No quick fixes for drug trade in Samoa

A startling image on the front page of our Tuesday edition showed an armed policeman in military fatigues complete with bullet proof vest, weapon pointed down to the ground and hat obscuring his eyes.

At first glance, it looked as if it belonged to the World News section and was from a drug raid on a Mexican cartel. It took a moment to register that yes, in fact, it was here in Samoa.

As detailed in the story, Samoa’s Police had executed a pre-dawn raid on properties in Faleatiu and Fasitoo Uta, and had just returned to their headquarters in Apia when the photo was taken.

This image of armed Police is not new. It may still be jarring to some, but it’s not new.

In the last year alone Police raids have been highlighted in the pages of this newspaper at least a dozen times; most recently in January for a raid in Faleatiu.

A few of those stories have featured police in full military get-up.

Samoa’s Police Commissioner, Fuiavailiili Egon Keil, has been an outspoken advocate for cleaning up the drug trade in Samoa. He has previously addressed the arming of certain police officers who participate in the raids as a necessary safeguard.  

Despite knowing all of this and of course acknowledging that the drug business is a dangerous zone, it is still a remarkable sight to see our Police officers dressed for war. The war on drugs, that is.

Back in 2017, when the Minister of Police was given sole authority to arm the Police when required, the protection of the force was the primary concern, especially as their drug raids had become more of a national event with the large hauls of marijuana plants confiscated during the excursions.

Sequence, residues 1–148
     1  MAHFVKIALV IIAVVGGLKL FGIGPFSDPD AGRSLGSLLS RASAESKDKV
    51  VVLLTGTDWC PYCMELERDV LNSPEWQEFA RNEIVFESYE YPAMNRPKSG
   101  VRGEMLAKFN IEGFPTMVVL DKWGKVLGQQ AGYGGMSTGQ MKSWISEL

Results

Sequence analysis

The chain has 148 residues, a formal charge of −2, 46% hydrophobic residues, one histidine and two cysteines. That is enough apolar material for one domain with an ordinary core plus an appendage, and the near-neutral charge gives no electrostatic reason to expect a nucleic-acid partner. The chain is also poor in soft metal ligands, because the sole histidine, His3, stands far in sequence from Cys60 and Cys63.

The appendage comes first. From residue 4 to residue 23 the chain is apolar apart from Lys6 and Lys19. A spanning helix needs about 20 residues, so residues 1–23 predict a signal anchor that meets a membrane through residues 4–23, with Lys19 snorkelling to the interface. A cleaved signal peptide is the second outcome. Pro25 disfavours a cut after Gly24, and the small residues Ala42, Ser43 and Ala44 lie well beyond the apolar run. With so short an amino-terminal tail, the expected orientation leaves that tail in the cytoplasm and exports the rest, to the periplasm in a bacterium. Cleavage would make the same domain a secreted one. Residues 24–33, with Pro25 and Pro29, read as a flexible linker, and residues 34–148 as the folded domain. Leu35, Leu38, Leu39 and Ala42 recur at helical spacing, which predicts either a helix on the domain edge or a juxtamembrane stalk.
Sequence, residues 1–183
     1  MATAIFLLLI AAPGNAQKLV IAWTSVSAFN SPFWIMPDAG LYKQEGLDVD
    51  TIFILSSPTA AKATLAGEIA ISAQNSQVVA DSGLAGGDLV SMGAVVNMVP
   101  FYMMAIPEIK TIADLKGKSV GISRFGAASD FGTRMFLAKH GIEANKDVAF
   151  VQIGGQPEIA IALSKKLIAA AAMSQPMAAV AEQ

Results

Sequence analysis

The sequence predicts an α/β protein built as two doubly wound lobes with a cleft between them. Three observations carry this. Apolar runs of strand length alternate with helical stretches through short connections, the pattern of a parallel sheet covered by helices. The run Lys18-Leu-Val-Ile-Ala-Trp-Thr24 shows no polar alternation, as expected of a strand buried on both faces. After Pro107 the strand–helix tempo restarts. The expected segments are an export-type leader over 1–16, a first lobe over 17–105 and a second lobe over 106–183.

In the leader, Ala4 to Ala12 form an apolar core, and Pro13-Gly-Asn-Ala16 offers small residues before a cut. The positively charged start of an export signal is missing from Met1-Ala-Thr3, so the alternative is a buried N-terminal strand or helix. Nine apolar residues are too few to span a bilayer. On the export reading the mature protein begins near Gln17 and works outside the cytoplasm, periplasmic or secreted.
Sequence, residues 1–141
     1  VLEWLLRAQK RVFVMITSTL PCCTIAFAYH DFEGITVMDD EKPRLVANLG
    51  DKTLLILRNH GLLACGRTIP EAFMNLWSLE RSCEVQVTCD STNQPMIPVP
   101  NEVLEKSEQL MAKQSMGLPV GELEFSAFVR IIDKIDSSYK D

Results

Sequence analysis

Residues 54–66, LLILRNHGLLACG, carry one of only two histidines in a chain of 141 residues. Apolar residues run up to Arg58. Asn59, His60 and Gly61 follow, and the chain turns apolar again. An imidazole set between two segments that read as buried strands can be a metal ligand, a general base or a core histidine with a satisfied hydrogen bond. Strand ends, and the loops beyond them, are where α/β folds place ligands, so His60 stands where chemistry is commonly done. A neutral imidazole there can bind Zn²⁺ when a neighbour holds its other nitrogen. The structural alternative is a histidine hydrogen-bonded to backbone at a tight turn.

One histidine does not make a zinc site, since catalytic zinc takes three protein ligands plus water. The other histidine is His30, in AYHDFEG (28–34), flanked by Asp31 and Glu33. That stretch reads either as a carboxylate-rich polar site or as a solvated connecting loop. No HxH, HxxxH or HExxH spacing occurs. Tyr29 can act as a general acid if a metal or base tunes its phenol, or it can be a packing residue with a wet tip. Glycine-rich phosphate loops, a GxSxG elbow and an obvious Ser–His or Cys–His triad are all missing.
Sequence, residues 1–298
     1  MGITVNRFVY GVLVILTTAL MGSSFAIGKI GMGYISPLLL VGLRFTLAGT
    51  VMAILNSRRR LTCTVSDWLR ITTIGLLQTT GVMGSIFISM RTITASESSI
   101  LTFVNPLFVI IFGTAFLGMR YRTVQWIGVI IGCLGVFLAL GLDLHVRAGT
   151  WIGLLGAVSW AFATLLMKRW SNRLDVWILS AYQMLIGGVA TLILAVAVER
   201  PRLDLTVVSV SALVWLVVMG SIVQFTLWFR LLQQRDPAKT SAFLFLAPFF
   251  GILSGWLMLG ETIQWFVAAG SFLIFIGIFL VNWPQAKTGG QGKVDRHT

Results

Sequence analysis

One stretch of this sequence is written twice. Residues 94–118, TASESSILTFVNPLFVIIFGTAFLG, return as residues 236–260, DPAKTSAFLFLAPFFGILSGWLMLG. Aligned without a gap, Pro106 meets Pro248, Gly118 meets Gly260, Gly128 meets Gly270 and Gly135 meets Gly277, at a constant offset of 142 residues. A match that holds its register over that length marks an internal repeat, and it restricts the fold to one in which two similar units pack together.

For many years, there were specific locations on our map that gained notoriety as the hubs for marijuana cultivation.  While those locations still flare up as hotspots now and then, their notoriety has dimmed down with inroads made by Samoa’s Police to put an end to the drug farms.

The demystification of so-called drug lords have also helped to reduce the effect these territories have had on the general population. Police efforts to rid the country and specific communities of marijuana farmers and sellers; have made the raids less of a titillating occurrence and more of a calendar event.

The raids have become just another news item.

In looking at the positives of eradicating drugs from Samoa, we are grateful for the fact that the raids have become just another news story, because over the last year there have been no serious incidents as a result of armed Police. The negative side, of course, is the need for such raids in the first place.

What is worth noting is the efficiency and success of the Commissioner’s tactical operations.

The fact that village councils are also working with the Police to provide safer communities for families is an encouraging testament to the Ministry’s efforts to weed out the bad seeds and normalize working together towards safer village rule.

“We have received so many reports of selling marijuana up in those areas as well as shooting to intimidate civilians and so we couldn’t wait any longer to do something,” said Fuiava.

Those images of a Mexican cartel are starting to flash again.


Encouragingly, the Commissioner pointed out that during their raid in Faleatiu, they saw fewer efforts to replant.

“The plantations we have raided before, we just went around there again looking if they have started replanting more, but there aren’t any more, for the most part up there [Faleatiu],” he said.